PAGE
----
This performance was focused on engaging the audience at all times. Murakami’s texts, so skillfully dramatized by both Laura and Eunbi, shared a symbiotic relationship with the music of Chopin, Debussy, Prokofiev and other composers whose music was featured in the performance. Spoken word and live music gave meaning and context to each other. Audience members who had never read the works of Murakami were introduced to his world of dual meaning and pensive emotion through beautiful music with similar dramatic properties. Audience members who were not familiar with solo piano music were introduced to it in way that they could begin to understand its emotional depth as it echoed the emotions of the unfolding drama.
For the music-must-stand-alone-as-its-own-art-form critics who are reading this, I must say that Eunbi and Laura created a performance where both music and drama took equal roles. The music, brilliantly executed by both Eunbi and Laura, was in no way impeded by the precisely planned and well chosen texts they also presented. Under the gifted guidance of Kira Simring, the pair used both music and drama to appeal to the senses of sound, sight, and spatial awareness. As an audience member, I was on edge waiting for what was to come next.
Transitions between scenes and musical selections were handled flawlessly and the performance never lost its momentum. I am most critical of transitions between events when I attend performances. These are the moments when audience members are not lost in their own thoughts, but rather present with you and in the moment. Transitions present a golden opportunity to introduce new themes, new ideas and new energy. Too often, transitions seem like TV commercial breaks, interrupting the flow of a performance and flat-lining the energy of the overall experience.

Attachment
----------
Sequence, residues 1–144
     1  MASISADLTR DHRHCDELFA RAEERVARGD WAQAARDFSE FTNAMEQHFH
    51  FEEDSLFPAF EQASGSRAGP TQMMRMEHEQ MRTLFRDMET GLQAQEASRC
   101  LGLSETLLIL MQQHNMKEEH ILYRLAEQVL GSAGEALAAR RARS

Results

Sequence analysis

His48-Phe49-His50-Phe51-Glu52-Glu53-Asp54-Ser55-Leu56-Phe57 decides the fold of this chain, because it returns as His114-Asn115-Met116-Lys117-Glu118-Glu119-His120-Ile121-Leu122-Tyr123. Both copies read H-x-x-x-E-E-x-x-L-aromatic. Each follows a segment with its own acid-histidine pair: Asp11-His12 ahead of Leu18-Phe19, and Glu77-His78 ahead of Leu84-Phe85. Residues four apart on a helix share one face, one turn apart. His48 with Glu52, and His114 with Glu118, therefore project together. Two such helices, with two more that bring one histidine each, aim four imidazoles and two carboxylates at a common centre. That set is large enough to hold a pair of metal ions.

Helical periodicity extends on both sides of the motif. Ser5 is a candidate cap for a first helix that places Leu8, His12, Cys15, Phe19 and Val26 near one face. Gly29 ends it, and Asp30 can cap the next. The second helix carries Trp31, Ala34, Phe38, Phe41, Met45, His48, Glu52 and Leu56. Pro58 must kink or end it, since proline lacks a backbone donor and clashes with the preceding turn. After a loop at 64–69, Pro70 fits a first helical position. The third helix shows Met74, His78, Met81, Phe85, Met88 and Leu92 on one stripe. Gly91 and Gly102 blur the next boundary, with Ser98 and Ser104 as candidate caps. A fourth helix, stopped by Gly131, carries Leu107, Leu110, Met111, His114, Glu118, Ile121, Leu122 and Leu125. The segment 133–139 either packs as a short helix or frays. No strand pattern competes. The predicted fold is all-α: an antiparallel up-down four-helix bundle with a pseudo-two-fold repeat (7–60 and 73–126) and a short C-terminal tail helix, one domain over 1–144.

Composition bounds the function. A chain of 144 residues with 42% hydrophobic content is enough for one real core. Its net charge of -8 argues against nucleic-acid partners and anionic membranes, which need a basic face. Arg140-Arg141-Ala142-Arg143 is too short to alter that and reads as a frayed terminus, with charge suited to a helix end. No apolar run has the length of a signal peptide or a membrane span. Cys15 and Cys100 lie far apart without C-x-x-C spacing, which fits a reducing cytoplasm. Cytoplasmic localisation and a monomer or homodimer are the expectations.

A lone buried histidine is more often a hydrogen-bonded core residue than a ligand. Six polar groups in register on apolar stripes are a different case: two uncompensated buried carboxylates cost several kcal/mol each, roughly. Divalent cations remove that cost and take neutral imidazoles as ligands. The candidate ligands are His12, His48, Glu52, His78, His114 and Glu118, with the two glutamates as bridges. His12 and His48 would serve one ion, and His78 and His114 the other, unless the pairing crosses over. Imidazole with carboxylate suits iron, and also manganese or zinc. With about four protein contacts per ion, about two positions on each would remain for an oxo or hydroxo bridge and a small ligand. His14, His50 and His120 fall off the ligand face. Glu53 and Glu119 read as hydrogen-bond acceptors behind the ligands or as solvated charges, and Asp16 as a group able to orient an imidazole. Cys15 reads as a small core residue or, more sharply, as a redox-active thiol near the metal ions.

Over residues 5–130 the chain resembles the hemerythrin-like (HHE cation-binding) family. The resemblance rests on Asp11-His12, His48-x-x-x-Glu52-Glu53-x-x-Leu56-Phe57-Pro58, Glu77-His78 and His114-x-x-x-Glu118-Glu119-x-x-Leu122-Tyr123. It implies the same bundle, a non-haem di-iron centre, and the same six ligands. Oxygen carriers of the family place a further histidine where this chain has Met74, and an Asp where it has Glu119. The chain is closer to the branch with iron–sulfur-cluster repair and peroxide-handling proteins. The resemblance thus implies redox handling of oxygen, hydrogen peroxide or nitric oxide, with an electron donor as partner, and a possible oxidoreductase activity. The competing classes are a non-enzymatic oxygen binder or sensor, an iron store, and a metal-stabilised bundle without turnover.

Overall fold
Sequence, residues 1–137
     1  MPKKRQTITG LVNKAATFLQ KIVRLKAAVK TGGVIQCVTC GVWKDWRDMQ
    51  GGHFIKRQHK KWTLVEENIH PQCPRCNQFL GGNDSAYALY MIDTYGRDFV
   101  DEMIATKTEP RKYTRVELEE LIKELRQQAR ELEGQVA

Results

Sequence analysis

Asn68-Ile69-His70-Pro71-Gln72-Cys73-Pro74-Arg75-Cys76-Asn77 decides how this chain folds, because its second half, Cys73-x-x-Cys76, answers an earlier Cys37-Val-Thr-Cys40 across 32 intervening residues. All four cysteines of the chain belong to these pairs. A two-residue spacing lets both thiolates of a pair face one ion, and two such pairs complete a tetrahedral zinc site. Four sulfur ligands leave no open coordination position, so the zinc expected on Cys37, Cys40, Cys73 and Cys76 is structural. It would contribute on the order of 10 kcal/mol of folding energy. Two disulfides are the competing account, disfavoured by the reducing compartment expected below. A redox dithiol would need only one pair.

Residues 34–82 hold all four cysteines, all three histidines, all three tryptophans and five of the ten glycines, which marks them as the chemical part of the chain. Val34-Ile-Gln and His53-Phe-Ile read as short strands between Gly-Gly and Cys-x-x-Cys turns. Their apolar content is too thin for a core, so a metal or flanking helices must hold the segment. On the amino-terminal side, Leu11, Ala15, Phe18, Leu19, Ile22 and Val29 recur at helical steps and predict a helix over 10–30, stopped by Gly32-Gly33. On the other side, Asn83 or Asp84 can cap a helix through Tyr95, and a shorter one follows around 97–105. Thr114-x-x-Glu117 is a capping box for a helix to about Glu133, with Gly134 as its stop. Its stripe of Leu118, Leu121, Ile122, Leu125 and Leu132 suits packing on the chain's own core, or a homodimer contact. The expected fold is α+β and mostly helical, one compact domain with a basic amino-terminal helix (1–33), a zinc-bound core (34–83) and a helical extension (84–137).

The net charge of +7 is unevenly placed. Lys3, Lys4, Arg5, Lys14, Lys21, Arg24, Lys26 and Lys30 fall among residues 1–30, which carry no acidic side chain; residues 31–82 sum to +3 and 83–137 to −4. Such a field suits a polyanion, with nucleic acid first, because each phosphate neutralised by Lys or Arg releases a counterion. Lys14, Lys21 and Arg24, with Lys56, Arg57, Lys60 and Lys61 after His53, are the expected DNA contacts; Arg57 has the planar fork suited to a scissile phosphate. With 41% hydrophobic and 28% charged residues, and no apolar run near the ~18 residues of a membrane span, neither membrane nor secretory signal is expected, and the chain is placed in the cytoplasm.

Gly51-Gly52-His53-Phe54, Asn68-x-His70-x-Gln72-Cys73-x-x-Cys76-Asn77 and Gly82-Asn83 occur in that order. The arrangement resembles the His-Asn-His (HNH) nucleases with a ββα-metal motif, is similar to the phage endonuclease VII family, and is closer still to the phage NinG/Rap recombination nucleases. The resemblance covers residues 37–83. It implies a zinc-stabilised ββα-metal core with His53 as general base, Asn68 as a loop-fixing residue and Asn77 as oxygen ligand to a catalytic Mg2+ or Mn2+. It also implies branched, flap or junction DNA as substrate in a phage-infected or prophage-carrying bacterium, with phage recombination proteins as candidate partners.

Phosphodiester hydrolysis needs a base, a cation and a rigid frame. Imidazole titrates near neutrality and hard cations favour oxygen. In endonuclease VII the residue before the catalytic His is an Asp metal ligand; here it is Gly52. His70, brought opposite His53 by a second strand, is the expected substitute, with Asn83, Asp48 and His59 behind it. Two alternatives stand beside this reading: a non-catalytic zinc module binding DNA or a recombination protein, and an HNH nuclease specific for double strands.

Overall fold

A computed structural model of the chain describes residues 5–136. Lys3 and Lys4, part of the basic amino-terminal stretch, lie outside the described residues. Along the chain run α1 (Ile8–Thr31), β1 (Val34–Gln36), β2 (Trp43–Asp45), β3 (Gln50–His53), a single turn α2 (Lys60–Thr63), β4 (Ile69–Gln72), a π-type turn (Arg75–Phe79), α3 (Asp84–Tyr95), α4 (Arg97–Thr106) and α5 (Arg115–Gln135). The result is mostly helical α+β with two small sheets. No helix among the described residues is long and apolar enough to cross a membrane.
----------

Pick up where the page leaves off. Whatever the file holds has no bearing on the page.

Murakami Music reminded me of why the tradition to hold applause until the end of a performance came to be in be first place. Once upon a time, musical performances were so captivating to audiences that no one dared to release the energy or flow of a performance until the event was truly finished. Audiences didn’t know what to expect as the next great work began to unfold. Finally, at the end of the performance, the moment came for the audience to express appreciation for the performers and to release through applause the energy that was building within each audience member throughout the performance.
As the final tableau in Murakami Music drew to a close, I glanced around at my fellow audience members. I saw young and old on the edge of their seats, leaning forward, captivated and ready it burst into applause. When the final note of Prokofiev’s Sonata No. 2 in d minor, op. 14 sounded, we the audience, finally had our moment to thank the artists who performed for us. It was truly a genuine exchange of gratitude.
When I am able to attend such a great performance, I am inspired to keep writing this blog. I am refreshed and reassured that through adaptation and innovation, live performing arts can still be socially relevant and meaningful to audiences. With its solo piano and stage absent of scenery and props, Murakami Music brought to my mind images from the great American playwright Thornton Wilder‘s Our Town. When the audience is challenged to use its imagination, but is guided to do so, there is a freshness to the performance and each audience member walks away with a unique and memorable experience.
I’m reminded of a line from Our Town spoken by the character Emily Webb, “Live people don’t understand, do they? They’re sort of shut up in little boxes, aren’t they?”
In Murakami Music the audience shared in an emotional journey together. We heard live music and spoken words. We saw expression on the faces of the performers which led to an expansion of our own sense of empathy. And for just a little while, we weren’t shut up in the little boxes of ourselves. As an audience we shared in the experience together, and it became ours.
Congratulations to Eunbi Kim, Laura Yumi Snell, Kira Simring and the Cell Theatre for a performance that was truly in the in the spirit of Tuxedo Revolt.
- Haruki Murakami’s new novel reaches 1 million print run in one week (japandailypress.com)
- You: New Murakami novel tops 1 million (japantimes.co.jp)
- Haruki Murakami’s new release: Colorless Tsukuru Tazaki (themindsplace.wordpress.com)